Wyoming’s data shows that about 72% of suicide deaths in 2021 were due to firearms, with 22% due to hanging and 4% due to poisoning.
"Deaths attributed to overdoses are another area of interest where over time we have seen increases between some years and decreases between others," Beaudoin said. "Of note, we do continue to see the percentage of overdose deaths caused by illicit drugs rather than prescription drugs as growing within our state."
In 2021, there were 95 (+5 over 2020) overdose deaths recorded among Wyoming residents compared to 90 in 2020 (+9 over 2019).
Previously, there were:
81 in 2019 (+16 over 2018)
65 in 2018 (+5 over 2017)
60 in 2017 (-34 over 2016)
94 in 2016 (-1 over 2015)
95 in 2015 (-12 over 2014)
107 in 2014 (+11 over 2013)
96 in 2013 (-3 over 2012)
99 in 2012
"Last year was the first in quite some time with an increase recorded in the number of new babies in Wyoming," Beaudoin said. "Previously, we had seen an ongoing significant downward trend over several years."
There were 6,232 births among Wyoming resident mothers in 2021 compared with 6,132 in 2020. The high over the past decade was in 2015 with 7,678 resident births.
VSS also holds marriage and divorce records. There were 4,274 marriages recorded in Wyoming last year compared to 3,986 in 2020 and 4,062 in 2019 before the pandemic.
As far as divorces, there were 2,158 finalized in 2021 compared with 2,227 divorces in 2020 and 2,253 in 2019 before the pandemic.
VSS promotes and protects the health of Wyoming residents by serving as the official custodian of all vital records in the state and by distributing health information. For more details about VSS, visit https://health.wyo.gov/admin/vitalstatistics/ online.
Game and Fish wildlife habitat management areas begin to open May 1 (posted 4/24/2022)
Bureau of Land Management Wyoming issues notice for oil and gas lease sale (posted 4/24/2022)
Governor Gordon responds to announcement of resumption of Federal Oil and Gas lease sales (posted 4/16/2022)
Barrasso: Biden is making American energy more expensive & harder to produce (posted 4/16/2022)
Governor brings Wyoming into lawsuit challenging border policy (posted 4/14/2022)
Barrasso statement on Biden Administration's new gun regulations (posted 4/11/2022)
The Wyoming Department of Health (WDH) reports no new COVID-19 cases in Sublette County during the last 14 days (March 25, 2022 to April 8, 2022). The last reported case was on March 19th 2022. Between March 1 to April 8th there were just three confirmed cases in Sublette County. The county saw an increase in cases between January to mid-February, peaking at 13 cases in one day on January 31st. Cases dropped off considerably by mid-February and have stayed at just 1 or 2 confirmed cases per week since then. Sublette County’s overall population vaccination rate is 35.43%.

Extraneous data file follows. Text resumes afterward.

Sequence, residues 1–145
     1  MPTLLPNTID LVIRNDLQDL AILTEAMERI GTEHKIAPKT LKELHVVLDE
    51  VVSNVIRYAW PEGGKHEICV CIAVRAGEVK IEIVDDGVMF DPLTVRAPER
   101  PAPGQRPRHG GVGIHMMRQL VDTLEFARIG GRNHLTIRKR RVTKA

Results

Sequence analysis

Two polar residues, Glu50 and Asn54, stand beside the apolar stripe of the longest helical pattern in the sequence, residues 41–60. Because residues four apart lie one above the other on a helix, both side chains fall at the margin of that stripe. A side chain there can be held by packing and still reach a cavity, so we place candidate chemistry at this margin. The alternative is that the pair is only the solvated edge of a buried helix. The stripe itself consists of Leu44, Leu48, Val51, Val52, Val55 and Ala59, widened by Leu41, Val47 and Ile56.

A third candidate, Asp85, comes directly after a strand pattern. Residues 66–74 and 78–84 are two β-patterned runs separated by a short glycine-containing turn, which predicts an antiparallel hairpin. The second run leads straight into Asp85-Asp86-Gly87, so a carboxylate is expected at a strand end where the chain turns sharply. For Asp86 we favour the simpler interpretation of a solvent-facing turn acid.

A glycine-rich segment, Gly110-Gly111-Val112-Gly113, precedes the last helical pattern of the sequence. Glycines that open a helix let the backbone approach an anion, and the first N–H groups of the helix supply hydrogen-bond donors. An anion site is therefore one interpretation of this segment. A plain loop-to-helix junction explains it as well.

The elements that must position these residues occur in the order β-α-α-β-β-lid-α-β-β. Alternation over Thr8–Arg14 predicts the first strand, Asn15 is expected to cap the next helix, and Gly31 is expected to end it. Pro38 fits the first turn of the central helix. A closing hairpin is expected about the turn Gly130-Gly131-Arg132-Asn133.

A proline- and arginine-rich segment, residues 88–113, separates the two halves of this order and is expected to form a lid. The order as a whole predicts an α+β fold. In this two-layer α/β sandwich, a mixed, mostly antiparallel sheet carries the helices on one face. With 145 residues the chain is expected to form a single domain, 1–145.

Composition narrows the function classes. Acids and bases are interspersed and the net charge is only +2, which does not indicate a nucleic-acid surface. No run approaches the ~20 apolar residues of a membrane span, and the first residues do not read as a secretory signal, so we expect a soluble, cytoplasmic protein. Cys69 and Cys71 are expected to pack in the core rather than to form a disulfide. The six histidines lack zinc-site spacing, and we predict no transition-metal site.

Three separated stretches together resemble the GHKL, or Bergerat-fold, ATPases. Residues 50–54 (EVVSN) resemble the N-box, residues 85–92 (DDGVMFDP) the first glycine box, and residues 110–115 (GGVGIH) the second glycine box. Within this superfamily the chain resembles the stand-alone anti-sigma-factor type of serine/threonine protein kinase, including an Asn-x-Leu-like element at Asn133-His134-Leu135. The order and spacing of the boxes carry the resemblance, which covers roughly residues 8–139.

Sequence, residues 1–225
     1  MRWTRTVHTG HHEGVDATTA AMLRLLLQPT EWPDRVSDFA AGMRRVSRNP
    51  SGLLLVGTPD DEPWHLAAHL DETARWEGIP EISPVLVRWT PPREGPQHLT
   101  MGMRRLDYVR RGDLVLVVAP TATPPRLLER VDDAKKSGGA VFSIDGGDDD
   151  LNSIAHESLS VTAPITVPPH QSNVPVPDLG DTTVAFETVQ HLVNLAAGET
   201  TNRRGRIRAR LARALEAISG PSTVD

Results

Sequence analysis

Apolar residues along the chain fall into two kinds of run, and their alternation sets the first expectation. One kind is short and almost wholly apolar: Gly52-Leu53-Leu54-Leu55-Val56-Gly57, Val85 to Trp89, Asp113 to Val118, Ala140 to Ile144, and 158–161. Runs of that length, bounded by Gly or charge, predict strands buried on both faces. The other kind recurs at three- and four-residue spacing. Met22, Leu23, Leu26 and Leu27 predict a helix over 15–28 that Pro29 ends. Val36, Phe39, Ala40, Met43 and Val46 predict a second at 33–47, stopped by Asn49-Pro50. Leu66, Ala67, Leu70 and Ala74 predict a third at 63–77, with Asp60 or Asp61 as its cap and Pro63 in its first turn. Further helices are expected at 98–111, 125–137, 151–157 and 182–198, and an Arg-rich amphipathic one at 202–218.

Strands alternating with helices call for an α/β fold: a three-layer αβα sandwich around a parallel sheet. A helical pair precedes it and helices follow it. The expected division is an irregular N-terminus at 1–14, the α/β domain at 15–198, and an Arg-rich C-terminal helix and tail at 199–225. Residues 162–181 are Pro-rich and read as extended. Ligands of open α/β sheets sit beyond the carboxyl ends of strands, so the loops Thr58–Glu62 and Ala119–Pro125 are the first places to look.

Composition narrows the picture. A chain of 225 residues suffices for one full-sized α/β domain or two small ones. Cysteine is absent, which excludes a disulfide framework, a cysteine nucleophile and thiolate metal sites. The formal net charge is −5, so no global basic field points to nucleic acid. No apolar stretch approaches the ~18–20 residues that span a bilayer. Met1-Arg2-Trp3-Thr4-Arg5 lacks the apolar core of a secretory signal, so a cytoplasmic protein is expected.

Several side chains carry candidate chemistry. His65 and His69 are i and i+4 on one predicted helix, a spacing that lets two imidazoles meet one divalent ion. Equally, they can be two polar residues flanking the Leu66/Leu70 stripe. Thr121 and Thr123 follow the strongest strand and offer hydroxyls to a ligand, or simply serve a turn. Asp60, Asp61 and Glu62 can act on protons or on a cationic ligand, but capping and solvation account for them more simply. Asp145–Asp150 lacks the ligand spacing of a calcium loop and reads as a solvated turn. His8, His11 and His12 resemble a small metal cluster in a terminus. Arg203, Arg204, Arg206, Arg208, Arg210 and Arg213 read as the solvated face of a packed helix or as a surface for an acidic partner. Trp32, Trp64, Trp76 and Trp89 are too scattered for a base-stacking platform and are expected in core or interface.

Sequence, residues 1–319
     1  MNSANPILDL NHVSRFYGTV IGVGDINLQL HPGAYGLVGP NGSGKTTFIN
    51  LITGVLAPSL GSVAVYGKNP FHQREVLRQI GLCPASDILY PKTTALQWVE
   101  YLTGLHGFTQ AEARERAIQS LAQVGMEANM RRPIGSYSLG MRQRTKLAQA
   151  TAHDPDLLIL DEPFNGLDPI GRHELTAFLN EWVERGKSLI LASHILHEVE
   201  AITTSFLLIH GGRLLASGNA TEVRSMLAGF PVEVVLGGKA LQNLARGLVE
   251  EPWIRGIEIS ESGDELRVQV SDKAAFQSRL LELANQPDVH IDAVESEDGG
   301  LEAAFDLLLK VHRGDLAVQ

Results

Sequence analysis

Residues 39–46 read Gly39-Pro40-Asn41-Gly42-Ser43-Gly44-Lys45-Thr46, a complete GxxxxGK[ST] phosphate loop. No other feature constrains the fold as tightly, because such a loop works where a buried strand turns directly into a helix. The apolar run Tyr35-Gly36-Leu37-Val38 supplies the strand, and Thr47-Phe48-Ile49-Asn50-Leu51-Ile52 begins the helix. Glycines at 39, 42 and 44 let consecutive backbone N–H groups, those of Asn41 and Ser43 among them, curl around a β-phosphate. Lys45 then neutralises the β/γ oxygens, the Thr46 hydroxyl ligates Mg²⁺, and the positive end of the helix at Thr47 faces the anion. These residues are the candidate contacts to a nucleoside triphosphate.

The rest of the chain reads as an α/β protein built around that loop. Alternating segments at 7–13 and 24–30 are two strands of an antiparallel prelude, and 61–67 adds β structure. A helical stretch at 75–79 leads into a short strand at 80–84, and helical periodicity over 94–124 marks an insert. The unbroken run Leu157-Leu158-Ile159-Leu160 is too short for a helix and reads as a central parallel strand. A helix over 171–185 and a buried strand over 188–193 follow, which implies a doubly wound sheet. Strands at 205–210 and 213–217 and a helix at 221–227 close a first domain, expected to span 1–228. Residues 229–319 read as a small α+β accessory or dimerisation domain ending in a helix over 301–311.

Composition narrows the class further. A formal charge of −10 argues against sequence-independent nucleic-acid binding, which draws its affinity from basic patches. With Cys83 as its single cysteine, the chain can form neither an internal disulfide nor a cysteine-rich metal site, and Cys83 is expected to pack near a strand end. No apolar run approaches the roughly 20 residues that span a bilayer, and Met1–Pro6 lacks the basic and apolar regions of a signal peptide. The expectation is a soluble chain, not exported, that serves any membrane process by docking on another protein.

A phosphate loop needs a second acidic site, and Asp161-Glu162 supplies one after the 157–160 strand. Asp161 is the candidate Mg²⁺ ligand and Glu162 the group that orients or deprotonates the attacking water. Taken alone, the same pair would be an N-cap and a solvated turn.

Teton County has also seen a big decline in cases since their big surge between December 2021 and January 2022. This surge has been attributed mostly to the omicron variant, according to the Wyoming Department of Health. The county had 29 confirmed cases in the past two weeks, 10 confirmed cases in all of April. Their high daily case counts during the alpha and delta surges of 2020 and 2021 peaked at 54 per day. Their case count during their omicron surge late December 2021 reached a high of 233 per day on January 4, 2022. They had multiple days with over 100 cases per day between late December to mid-January 2022, a 400% increase in number of cases through the pandemic attributed to the alpha/delta variants to the omicron variant of the virus. This big spike in their cases has been puzzling because they have an overall population vaccination and boosted rate of 88.83%. Their daily case numbers dropped rapidly by mid-February and have stayed at low levels through the date of this report. St. John’s Medical Center in Jackson reports zero COVID-19 patients in their facility as of April 5, 2022.
Wyoming’s overall case numbers have also steadily declined since the December 2021/January 2022 surge. The state reports 29 active cases in the past 14 days, as of April 8, 2022. Hospitals report 15 COVID-19 cases as of on April 5, 2022. Hospital cases peaked in mid-January in the state with 167 patients with COVID-19. Wyoming reports 27,422 breakthrough cases, people who have been fully vaccinated but still have been confirmed to have caught the virus. The state’s overall vaccination rate among the general population is 45.7%.
While cases, deaths and hospitalizations have steeply declined in Wyoming in February and March 2022, most new cases, hospitalizations and deaths in 2022 have been in vaccinated individuals, according to WDH data. The last reported COVID-19 death in the state was on March 27, 2022. 85% of COVID-19 deaths in Wyoming have been in people age 60 and over. 50% of those people had underlying health conditions contributing to their health situations. To date, over the two years of the pandemic, there have been no deaths in anyone age 18 or under in Wyoming due to COVID-19. The recovery rate for the disease across Wyoming is 98.9%.
See the Wyoming Department of Health website for current COVID-19 data.
Click on this link for more graphics.
Wyoming Homeowner Assistance Fund (HAF) Program to open May 2 (posted 4/10.2022)